Pune Science Weekly: Using agro-waste to produce pulp for green furniture and disposable packaging
The next time you get home a carton of beer in Bengaluru, you may get it packaged in a biodegradable bag made from barley waste. Pune-based startup Craste has been working to turn farm waste into value-added products as well as to give farmers a source of additional income.
Crop waste mismanagement and stubble burning have been a major bone of contention in tackling air pollution, especially in areas surrounding the national capital, for several years now. Numerous attempts to address this issue are yet to see sustainable fruition.
Gwalior-based engineer Shubham Singh (30) got a taste of this problem first-hand during his extensive tours across India in 2017. It is from these fields that the idea of Craste (crop – waste) germinated. Using his chemical engineering knowledge, Singh decided to explore ways to put farm waste to better use.
India’s forest cover, with respect to the geographical area, increased from 21.05 per cent in 2011 to 21.67 in 2019, said the State of India’s Forest Report 2022 released in January this year.
So has the country’s wood demand, especially with respect to the construction sector, leading to a growing import of wood and wood-based raw materials like pulp, veneer, plywood and others.
According to a 2019 report published by the International Tropical Timber Organisation, India imported 8,69,000 m3 (cubic metre) of sawnwood; veneer to the tune of 4,15,000 m3 and 1,41,000 m3 of plywood.
Malaysia and New Zealand are India’s major wood suppliers. In the 2009-2019 period, India’s plywood and panel import supplies came from China (56 per cent), Indonesia (13 per cent), Malaysia (8 per cent) and Myanmar (7 per cent) according to ‘ India’s timber supply and demand – 2010 – 2030’ report.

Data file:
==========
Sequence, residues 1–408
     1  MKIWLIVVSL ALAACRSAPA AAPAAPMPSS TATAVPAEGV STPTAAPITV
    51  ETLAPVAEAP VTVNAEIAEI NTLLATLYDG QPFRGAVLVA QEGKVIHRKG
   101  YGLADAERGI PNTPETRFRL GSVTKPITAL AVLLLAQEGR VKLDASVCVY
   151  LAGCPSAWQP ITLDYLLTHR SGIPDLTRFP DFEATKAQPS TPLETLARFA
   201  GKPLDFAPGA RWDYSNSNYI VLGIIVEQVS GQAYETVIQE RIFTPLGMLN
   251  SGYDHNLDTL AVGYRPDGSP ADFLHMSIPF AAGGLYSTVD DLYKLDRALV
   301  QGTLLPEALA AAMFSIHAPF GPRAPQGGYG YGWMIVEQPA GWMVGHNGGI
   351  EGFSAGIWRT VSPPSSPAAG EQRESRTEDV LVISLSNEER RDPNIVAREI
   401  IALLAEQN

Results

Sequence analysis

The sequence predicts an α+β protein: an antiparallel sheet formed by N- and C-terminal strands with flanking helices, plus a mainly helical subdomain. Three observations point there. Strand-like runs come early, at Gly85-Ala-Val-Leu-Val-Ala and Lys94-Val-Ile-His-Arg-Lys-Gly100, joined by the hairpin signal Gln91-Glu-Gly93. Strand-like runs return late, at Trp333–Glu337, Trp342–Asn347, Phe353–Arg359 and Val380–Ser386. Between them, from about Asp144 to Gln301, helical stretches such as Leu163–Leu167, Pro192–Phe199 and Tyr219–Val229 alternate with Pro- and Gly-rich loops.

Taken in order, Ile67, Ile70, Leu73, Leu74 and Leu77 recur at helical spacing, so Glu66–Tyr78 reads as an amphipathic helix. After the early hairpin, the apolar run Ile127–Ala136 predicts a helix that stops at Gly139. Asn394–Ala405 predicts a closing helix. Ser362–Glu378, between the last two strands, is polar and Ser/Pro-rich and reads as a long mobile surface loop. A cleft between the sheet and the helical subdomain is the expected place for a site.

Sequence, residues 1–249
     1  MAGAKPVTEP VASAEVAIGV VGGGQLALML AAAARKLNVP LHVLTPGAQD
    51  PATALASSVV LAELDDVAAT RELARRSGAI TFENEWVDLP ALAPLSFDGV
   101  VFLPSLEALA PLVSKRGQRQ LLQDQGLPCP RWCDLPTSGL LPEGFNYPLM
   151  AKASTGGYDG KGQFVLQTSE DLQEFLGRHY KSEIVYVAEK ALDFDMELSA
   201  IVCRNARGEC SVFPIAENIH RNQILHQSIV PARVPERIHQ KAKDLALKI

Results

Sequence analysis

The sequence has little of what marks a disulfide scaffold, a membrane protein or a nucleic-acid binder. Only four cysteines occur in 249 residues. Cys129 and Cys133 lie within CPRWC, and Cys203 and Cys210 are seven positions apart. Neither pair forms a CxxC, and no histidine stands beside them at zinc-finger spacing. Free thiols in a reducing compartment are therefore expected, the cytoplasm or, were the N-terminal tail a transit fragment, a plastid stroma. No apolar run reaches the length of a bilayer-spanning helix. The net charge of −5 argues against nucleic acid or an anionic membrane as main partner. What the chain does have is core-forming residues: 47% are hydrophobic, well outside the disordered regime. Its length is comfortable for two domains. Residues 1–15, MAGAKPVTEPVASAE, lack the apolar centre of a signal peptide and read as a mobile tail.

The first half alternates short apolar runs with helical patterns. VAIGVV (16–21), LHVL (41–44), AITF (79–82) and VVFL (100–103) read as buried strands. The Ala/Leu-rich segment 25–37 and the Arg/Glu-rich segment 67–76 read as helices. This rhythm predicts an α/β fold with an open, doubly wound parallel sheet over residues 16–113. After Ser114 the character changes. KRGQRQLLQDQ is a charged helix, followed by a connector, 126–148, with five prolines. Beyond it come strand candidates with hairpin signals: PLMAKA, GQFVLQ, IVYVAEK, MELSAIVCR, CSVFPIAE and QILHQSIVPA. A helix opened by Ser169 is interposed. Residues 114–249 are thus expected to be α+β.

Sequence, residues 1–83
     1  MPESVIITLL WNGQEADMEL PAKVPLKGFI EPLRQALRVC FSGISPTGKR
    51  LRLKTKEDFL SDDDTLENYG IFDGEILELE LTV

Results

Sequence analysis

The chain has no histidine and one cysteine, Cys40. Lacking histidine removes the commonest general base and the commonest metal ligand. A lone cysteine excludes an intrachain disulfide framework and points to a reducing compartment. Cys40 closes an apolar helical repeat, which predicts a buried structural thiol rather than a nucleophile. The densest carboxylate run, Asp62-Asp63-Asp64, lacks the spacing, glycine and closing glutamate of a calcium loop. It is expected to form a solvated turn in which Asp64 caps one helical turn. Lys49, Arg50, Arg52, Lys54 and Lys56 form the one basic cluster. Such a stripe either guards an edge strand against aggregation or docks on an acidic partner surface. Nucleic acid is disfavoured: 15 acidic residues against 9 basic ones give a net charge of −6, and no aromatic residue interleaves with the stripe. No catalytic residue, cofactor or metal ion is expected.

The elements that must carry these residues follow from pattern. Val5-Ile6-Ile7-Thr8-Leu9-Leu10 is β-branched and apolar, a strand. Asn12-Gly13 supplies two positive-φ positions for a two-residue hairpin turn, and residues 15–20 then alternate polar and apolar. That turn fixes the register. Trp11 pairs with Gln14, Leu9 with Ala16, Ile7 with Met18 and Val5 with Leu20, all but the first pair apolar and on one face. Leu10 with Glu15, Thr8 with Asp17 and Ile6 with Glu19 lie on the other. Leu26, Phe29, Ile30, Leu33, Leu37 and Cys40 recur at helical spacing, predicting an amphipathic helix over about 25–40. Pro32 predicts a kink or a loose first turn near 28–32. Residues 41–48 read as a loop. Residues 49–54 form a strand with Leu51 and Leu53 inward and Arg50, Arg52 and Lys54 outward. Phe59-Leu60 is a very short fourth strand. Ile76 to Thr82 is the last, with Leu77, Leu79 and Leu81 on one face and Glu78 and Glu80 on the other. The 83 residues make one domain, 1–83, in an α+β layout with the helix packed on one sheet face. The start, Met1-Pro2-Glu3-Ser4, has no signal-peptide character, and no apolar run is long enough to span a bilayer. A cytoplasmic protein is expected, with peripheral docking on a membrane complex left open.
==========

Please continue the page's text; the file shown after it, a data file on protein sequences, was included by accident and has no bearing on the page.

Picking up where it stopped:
Observing such heavy imports and high costs to meet the needs of the Indian packaging and furniture industry, Singh’s efforts are to cut this dependence. With the support of a BIRAC grant worth Rs 70 lakh given by the Department of Biotechnology, Craste’s journey began at Pune’s Venture Center in 2018.
“We fetch and buy farm residue locally. The collected waste is then shredded into equal-sized particles before being blended with a formaldehyde-free adhesive developed by our team. The mixture is then heated and pressed into engineered green boards of desired sizes,” Singh said.
Local sourcing is done for two reasons, Singh said, as it cuts the high transportation costs besides helping the local economy and farmers earn a supportive income.
Currently, the Craste team is working with waste obtained from the remains of paddy fields, wheat, barley, mustard and sugarcane (bagasse) cultivation. “Rice straw is coarse due to high silica content, hence farmers feed it to the cattle. The engineered green boards made out of rice straw can be best used as false ceilings or partitions in rooms and for making furniture,” Singh said.
According to Singh, the USP of the Craste’s adhesive is that it does not contain formaldehyde, which is known to be carcinogenic (having the potential to cause cancer). “This technology has the potential to have a high social impact in terms of bringing down pollution, giving additional income to the farmers from selling the stubble waste instead of burning,” said Mugdha Lele, head, Social Innovation at Venture Center.
Craste has demonstrated a range of eco-friendly products such as watch covers, cutlery, envelopes and wine bottle packing bags. In recent months, there have been several enquiries from companies seeking customised packaging. This week, the startup delivered a major consignment of packaging boxes to a leading beer manufacturing company that will be formally launched in Bengaluru on Earth Day.
Barley, one of the ingredients in brewing beer, has found a value-added end-use, thanks to Craste. “We have supplied 5,000 boxed made out of barley waste. Each box can hold upto six beer bottles. These boxes are biodegradable and can even be disposed of in one’s kitchen gardens,” Singh said.
Rupa Malireddy, who is responsible for the design of the products, said: “The packaging products are moisture-resistant and can be disposed of safely after use.”
By the end of April, Craste will launch factory-scale operations from its maiden agri-fibre conversion unit from Gwalior. The unit will be able to process up to 3,000 kg of pulp per day and produce 30 boards on a pilot basis. “The pulp can be obtained at least 40 per cent cheaper than the pulp obtained from virgin tree remains in markets,” said Singh.
Sorce from: Anjali Marar (April 20, 2022). Pune Science Weekly: Using agro-waste to produce pulp for green furniture and disposable packaging. The Indian Express. https://indianexpress.com/article/cities/pune/pune-science-weekly-agro-waste-pulp-disposable-packaging-7878063/